Why Are My Sales Different in Google Ads and Google Analytics?

By Rashed Khan / Ppc / December 04, 2018

Having worked many years in PPC, there tends to be one question that I’ve seen account managers ask again and again:

“We either had a sale or we didn’t, so which one is reporting the correct figures?”

The short answer Is that Google Ads works off the last (Google Ads) click attribution, and Google Analytics works off the last (non-direct) click attribution.

Seeing as though the two attributes credit differently, it is understandable that the figures reported won’t always match up. Here are some of the main differences between how Google Ads and Google Analytics handle sales and goal completions, as well as some example scenarios.

For the sake of brevity, this article looks at the default settings on Google Ads and Google Analytics, so we’re going to be looking at Last click attribution on both Google Ads and Google Analytics.

This one is most often the culprit for the differences in conversion numbers that we see in Google Ads and Google Analytics.

Google Ads will only give credit to clicks coming from Google Ads and will ignore all other channels.

This means that it will give credit to the last Google Ads click in the sales funnel and ignore any clicks that may have happened after the last Google Ads click.

Google Analytics will give the credit to the last channel (apart from direct) in the sales funnel.

Example sales funnel scenario:


Google Analytics: Email got one transaction and the sale happened on Friday.

Google Ads: Google Ads got one conversion that came through the ‘nike running shoes’ keyword and the conversion happened on Wednesday.

There can be a three hour delay for a conversion to be filtered into the Google Ads system, whereas the delay for a transaction or goal to be filtered into Google Analytics can take around nine hours.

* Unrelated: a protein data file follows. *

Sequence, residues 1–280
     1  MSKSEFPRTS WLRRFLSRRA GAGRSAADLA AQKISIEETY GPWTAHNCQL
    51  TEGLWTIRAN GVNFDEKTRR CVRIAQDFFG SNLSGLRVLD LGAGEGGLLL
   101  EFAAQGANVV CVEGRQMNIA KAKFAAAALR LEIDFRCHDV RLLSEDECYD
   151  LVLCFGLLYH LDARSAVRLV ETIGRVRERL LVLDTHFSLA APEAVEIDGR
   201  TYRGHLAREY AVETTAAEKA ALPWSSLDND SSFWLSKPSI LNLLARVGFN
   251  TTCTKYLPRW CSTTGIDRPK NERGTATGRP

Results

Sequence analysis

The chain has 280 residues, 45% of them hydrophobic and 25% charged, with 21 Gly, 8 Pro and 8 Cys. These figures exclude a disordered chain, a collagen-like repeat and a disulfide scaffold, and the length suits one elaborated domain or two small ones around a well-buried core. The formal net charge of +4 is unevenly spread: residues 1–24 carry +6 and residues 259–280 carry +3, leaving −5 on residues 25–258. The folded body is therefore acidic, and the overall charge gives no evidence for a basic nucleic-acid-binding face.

In my experience, it doesn’t typically take this long for conversions and transactions to be filtered into Google Ads and Google Analytics, but it is important to note that it can take this long.

Example sales funnel scenario:

Here is an example of the potential difference of when a sale that happens at 13:00 gets reported in both Google Ads and Google Analytics:

Google Analytics attributes one goal completion per session whereas Google Ads can potentially attribute more than one conversion per session

Google Ads looks at what happens after the Google Ads click and not the session. In this case, if multiple conversion actions happen within the same session, Google Ads can potentially report multiple conversions.

Google Analytics however, would report one goal completion per session even if that particular goal happened multiple times in the session.

It’s worth noting that we can change how many conversions Google Ads counts per click. We can either tell Google Ads to count all conversions within a click, or we can tell it to count just one conversion per click regardless of how many conversions happen in that click.

Example sales funnel scenario:


Google Analytics: One goal completion happened seeing as though both form fills happened in the same session.

Google Ads (counting one conversion per click): One conversion happened seeing as though both form fills happened within the same PPC click.

Google Ads (counting many conversions per click): Two conversions happened seeing as though the conversion action (form fills) happened twice.

Even though it isn’t perfect (and for the sake of brevity we won’t go into the details here), Google Ads can track cross device conversions.

This means that it can track conversions that start off on one device and end on another device, whereas the Transactions and Goal completions report on Google Analytics does not have this functionality.

This can potentially result in sales and goals being attributed to different channels.

Example sales funnel scenario:


Google Analytics: Google Ads obtained zero transactions and organic obtained one transaction on a Desktop device.

Google Ads: Google Ads obtained one conversion which came from the keyword ‘nike running shoes’ on a tablet device.


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